They’d bought that stove the same time that he’d set the tiles, when they’d re-done the kitchen, back in the winter of ‘82. He’d wanted white appliances. Betts wanted ivory, but had given in when he’d insisted on having his way. Angus couldn’t rightly remember why he’d felt so strong about something so insignificant to him as the colour of a stove, and he was damned if he could tell the difference between white and ivory anyway; but he guessed that it had something to do with the way his wife had of always being right, and how that gave him the sense that his own opinions didn’t matter. Maybe that wasn’t any way for a grown man to feel, but it didn’t make it any less true. Her always being right was something he could never quite forgive.
Angus entertained a dark suspicion that maybe Betts had understood all along - that woman understood everything, it seemed! That was probably why she’d given in so readily, and that had pissed him off so much that he’d insisted on changing his mind, so they’d bought ivory appliances after all. Damn her to hell!
Betts set a cup and saucer in front of him. He wanted to swipe them away and hear them smash into the wall, and watch while they blossomed into a thousand shards, but the tea set had been a gift from the kids on one of their anniversaries. Which one he wasn’t sure, they tended to mingle at his age, but that wasn’t the point. Fealty to children didn’t stop the minute they walked out the door.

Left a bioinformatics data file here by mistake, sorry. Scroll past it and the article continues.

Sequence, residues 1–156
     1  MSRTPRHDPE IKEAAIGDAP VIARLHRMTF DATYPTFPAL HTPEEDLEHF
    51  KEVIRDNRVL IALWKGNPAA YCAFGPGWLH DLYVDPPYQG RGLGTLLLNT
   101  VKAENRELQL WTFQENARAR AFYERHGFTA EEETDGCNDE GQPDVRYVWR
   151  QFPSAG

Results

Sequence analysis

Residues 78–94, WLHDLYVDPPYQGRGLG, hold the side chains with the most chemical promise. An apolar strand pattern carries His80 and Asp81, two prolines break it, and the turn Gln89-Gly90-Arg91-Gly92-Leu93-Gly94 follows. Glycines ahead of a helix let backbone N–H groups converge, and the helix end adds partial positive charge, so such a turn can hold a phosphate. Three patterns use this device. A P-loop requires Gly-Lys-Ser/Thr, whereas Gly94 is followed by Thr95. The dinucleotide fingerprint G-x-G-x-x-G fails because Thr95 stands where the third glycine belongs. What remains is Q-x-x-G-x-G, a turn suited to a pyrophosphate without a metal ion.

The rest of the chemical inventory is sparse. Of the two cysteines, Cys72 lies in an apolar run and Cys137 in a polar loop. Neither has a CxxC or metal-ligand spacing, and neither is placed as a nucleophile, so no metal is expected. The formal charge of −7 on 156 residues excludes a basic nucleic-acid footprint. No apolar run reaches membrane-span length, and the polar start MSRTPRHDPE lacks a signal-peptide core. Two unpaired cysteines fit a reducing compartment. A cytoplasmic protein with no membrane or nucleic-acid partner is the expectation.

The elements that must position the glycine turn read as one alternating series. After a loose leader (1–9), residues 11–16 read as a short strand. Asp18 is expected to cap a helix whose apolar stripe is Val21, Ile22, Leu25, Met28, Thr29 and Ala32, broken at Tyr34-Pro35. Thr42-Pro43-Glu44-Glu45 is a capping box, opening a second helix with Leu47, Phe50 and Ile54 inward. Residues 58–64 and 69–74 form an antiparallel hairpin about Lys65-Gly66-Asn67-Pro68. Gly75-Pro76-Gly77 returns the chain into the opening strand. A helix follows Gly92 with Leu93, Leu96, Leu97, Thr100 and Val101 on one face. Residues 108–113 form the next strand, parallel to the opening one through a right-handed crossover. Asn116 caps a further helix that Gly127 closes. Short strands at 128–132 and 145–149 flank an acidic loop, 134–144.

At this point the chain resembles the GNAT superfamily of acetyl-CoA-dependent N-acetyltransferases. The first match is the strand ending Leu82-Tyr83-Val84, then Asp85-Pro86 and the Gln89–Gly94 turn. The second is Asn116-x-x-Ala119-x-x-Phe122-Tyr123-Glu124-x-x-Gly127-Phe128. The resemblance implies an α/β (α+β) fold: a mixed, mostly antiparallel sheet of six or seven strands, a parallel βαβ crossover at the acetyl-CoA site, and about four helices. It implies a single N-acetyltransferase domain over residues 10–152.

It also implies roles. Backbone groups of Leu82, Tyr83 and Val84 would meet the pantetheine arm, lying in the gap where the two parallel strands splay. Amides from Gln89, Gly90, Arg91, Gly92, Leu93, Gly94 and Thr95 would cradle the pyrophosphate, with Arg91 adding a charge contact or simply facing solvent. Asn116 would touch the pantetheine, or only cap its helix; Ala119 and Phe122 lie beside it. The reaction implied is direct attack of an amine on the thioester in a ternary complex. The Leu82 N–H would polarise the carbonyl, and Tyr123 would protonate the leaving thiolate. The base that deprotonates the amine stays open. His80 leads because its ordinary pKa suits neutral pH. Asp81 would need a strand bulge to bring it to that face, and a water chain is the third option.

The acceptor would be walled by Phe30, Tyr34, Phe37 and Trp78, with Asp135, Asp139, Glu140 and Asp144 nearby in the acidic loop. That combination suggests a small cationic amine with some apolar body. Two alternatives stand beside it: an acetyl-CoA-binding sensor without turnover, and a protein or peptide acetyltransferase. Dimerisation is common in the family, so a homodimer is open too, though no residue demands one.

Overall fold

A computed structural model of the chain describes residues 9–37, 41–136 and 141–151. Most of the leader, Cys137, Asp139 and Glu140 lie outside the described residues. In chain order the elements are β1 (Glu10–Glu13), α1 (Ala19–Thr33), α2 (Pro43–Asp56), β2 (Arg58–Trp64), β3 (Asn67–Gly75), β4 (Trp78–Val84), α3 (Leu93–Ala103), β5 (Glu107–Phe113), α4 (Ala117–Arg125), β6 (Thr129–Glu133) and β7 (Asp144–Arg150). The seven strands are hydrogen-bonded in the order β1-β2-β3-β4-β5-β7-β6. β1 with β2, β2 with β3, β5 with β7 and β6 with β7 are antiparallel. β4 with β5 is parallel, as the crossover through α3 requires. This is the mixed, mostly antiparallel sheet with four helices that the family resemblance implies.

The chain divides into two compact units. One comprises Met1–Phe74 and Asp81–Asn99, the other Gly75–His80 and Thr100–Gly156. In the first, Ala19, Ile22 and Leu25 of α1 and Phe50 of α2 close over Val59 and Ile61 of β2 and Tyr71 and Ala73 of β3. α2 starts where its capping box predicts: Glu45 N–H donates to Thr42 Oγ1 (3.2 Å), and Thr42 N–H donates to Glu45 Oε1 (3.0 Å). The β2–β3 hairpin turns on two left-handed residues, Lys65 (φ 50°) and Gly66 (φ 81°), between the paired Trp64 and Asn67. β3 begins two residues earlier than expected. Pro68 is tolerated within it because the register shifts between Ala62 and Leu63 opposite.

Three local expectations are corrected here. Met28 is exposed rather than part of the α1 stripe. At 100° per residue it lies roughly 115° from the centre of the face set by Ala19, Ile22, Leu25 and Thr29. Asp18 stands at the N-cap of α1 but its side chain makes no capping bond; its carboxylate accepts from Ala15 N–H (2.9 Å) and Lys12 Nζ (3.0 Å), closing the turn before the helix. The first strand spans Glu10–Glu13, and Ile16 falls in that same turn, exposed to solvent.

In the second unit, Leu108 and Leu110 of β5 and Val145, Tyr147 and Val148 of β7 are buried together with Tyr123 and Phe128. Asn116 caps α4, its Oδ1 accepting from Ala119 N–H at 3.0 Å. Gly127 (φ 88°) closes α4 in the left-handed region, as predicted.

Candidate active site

Denied that vicious pleasure, he was left frustratingly denuded of intent, so in the end decided that he might as well take his place at the table, sitting on the same chair that had come so close to being rendered into kindling only a minute before.
He sat with his hands clasped together - two fists entwined - and tried to think of something hurtful to say.
Betts took the kettle off the element when it began to whistle, and poured the boiling water into the pot, settling the lid with a gentle porcelain ‘clink’. She brought it to the table, wrapped in the cozy she’d knit sometime in the ‘70’s. Over on the stove, the kettle resumed its somnolence with a throaty sigh, while Angus glared at the teabag strings, reflecting in spite of himself.